Then there's the history of attempts to give humans wings.  Think how far we've come!  From the story of Icarus to the wacky efforts by various people to glue feathers on themselves or strap wings to their arms and jump off something tall to man-carrying kites to hot air balloons to gliders to the Wright Brothers to the fighter jets and passenger airlines of today to base jumping and wingsuits.  We are a tenacious and creative lot when it comes to achieving the dream of flying!

I wouldn't say that I've ever been overly obsessed with flying, but I definitely have a penchant for high places because of the amazing views that usually come with them.  This is why I climb mountains, run to the top of monuments and tall buildings to see a city, always try to get a window seat when traveling, jump out of perfectly good airplanes, fling myself headfirst into thin air with a giant rubber band attached to my ankles ... okay, maybe there is a small flight obsession here.  So it's not so crazy that last summer (2013) I took the opportunity to experience a whole new high point and method of flight by HANG GLIDING!


Friday, April 4, 2014

Boston in 24 Hours

Boston is a great city.  It's definitely my favorite city on the east coast of the US.  Might be my favorite city in the whole country.  It's small enough to not be intimidating like the urban jungle of New York or endless sprawl of Washington, D.C., but it's still a proper city full of the requisite hustle and bustle.  There is a never-ending supply of places to eat, history to absorb, concerts to enjoy, and fun things to experience.

But you've only got a day.  Or maybe a weekend.  How do you really see Boston in such a short amount of time?

 

Friday, March 28, 2014

The Day I Learned How to Surf in a Waterfall

I'm over winter.  I have no problem with cold, and snow is well and good, but now we've just got crusty blackened thrice-melted-and-refrozen ice-snow that is nothing but treacherous.  I miss running on terrain that isn't salty street and sidewalk.  Even the track is still buried!  Also, days of endless sunlight are the best (one reason why Antarctica was awesome!!) and it's about time for the doom and gloom of midwinter darkness to succumb to the lengthening hours of daylight.

Perhaps some time spent focused on happy summer adventures will strengthen spring's arrival!  Brain, it's time to relive last summer's whitewater rafting adventure on the Penobscot with Three Rivers, the Home of Serious Fun.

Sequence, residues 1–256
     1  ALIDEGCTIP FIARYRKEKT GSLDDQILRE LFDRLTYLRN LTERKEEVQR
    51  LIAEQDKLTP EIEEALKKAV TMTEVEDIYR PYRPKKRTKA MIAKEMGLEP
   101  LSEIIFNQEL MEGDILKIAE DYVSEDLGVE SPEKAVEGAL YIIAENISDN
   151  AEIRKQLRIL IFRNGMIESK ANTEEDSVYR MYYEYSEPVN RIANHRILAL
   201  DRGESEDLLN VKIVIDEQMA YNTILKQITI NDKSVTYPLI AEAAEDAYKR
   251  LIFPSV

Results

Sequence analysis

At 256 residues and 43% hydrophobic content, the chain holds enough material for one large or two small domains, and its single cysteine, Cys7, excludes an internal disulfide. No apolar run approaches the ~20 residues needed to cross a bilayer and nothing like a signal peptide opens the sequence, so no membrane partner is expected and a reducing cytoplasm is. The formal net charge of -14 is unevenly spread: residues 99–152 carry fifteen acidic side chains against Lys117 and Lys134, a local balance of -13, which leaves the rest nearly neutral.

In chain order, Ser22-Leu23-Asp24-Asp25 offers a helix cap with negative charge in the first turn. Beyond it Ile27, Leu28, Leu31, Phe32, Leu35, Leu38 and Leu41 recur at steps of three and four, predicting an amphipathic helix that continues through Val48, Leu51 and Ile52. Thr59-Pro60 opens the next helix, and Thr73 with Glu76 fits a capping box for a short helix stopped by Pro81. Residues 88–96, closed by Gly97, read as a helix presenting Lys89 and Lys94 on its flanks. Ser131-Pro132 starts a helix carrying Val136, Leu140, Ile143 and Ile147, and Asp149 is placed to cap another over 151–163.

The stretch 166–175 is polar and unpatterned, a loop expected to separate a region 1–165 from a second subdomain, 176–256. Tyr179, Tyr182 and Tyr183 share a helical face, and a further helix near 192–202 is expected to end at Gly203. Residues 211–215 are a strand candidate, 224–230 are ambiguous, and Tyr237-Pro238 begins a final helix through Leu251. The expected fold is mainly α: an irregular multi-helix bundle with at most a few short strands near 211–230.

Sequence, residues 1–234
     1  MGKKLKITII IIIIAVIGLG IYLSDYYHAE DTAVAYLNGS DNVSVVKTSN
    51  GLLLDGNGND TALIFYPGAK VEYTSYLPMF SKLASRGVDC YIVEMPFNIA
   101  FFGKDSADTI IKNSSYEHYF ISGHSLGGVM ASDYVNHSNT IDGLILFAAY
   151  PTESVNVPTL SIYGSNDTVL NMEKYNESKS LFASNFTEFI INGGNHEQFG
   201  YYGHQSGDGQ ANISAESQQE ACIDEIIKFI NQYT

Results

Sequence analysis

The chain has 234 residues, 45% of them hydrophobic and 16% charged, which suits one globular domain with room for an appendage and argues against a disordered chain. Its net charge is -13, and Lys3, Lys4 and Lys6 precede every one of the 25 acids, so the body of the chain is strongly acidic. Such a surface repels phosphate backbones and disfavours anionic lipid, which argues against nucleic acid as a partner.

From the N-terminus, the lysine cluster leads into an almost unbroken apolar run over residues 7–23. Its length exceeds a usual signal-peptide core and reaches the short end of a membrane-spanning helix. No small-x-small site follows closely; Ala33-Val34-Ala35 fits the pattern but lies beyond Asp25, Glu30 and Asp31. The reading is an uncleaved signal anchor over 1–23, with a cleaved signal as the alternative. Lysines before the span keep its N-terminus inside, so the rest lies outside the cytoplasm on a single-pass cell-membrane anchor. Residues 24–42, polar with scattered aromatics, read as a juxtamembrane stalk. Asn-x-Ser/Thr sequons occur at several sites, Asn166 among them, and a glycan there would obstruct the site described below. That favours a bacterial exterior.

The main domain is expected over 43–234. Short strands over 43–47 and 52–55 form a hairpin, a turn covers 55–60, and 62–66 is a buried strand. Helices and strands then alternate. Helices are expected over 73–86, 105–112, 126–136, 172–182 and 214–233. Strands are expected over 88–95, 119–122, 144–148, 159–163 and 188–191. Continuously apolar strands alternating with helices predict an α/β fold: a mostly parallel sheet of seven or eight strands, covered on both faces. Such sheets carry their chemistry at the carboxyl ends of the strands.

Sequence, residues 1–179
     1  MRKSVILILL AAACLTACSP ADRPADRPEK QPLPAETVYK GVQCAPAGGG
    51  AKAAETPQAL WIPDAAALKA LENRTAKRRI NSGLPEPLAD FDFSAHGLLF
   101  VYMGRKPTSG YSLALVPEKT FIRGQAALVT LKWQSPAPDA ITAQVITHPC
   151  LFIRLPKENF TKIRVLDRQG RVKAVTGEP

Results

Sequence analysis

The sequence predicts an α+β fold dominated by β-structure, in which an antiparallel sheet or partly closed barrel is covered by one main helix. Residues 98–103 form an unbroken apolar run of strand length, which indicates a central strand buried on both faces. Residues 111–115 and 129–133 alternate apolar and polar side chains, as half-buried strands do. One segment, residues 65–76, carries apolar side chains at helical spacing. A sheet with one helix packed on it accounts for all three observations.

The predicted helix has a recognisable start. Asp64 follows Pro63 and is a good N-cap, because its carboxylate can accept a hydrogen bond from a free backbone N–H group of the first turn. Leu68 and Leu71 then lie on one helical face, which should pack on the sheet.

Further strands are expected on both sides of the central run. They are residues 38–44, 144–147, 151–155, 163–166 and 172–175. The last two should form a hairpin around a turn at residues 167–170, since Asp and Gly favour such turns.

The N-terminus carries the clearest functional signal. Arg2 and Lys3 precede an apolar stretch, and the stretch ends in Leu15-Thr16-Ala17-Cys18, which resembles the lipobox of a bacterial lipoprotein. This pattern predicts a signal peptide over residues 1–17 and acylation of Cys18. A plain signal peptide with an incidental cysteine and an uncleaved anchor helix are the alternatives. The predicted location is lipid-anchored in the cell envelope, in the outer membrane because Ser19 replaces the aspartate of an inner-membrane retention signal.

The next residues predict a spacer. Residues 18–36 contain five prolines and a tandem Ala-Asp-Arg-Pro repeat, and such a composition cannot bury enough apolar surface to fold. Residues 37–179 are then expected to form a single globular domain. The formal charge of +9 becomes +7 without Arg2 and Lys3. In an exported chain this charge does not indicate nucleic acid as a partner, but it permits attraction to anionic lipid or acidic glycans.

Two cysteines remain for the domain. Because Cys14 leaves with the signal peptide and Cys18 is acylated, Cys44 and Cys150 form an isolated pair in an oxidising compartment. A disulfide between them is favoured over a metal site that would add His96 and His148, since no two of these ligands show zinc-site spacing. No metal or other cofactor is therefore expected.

(Sidebar: Technically, this adventure was supposed to be whitewater rafting AND skydiving in one action-packed weekend.  But reality kicked in and the weather decided to nix the skydiving portion of the trip.  Jump and Raft therefore turned into just raft.)

Considering the myriad ways I've traveled on water, it's a bit odd that my first legit whitewater experience was just last summer.  I've kayaked in Norway, canoed in Virginia, taken an overnight ferry in Italy, jet skied in Maryland, and even rafted down a river in Russia for a week, but there weren't any rapids involved.  This time it was serious whitewater in Maine -- I even had to wear a helmet!

Tuesday, March 11, 2014

A Gallon's Worth of Awesome Pubs in Boston

I am ashamed of myself. 

This blog is over a year old and I haven't written a single post about the best city on America's east coast.  NO not NYC, I'm talking about BOSTON!  With St Patrick's Day looming on the horizon, it's the perfect time to start ... with a tour through some of my favorite pubs around the city.

I wish could tell you exactly how many pubs are in Boston, and the immediately surrounding cities that aren't technically Boston (I'm looking at you, Cambridge and Somerville), but I'm finding this statistic rather elusive.  Suffice it to say, this nightlife scene is extensive and fantastic.  (To provide a baseline, here's a map with a pin for every pub/bar that's been graced by my presence at some time or another.)  Irish pubs dominate, but there are loads of places that don't have a specific affiliation and definitely do not qualify as bars.  Pubs have a different (better) vibe.  I love them.  All of them.

BUT I have narrowed down some favorites so you won't be overwhelmed by the selection!

Sunday, March 9, 2014

Songs for the Wandering Soul III

Some of you may have been curious about the quote that currently decorates the heading of this blog.  Or maybe you weren't curious.  Maybe you never even noticed there's a quote.  Surprise?  I'm going to tell you about it anyway.

There's a great little Celtic-influenced band from Virginia that writes heaps of great songs with beautiful music and insightful lyrics.  They've already been featured in Songs for the Wandering Soul, actually!  They have a brilliant tendency to put to music those thoughts and emotions that we wanderers struggle with all the time. 

So about that quote.  Paloma.  It's a beautiful song that expresses that overwhelming urge to move, to get out and experience things that are new and unfamiliar, because that's where you find your happiness.  It sounds so easy, right?

Friday, February 28, 2014

Favorite Runs: Notre Dame Lakes

They say that you will marry the first person with whom you walk around the lakes while holding hands.  Perhaps this is one reason I'm still footloose and fancy free, because I'm pretty sure I never walked around the lakes.  And running and hand-holding don't really go .... well, hand-in-hand!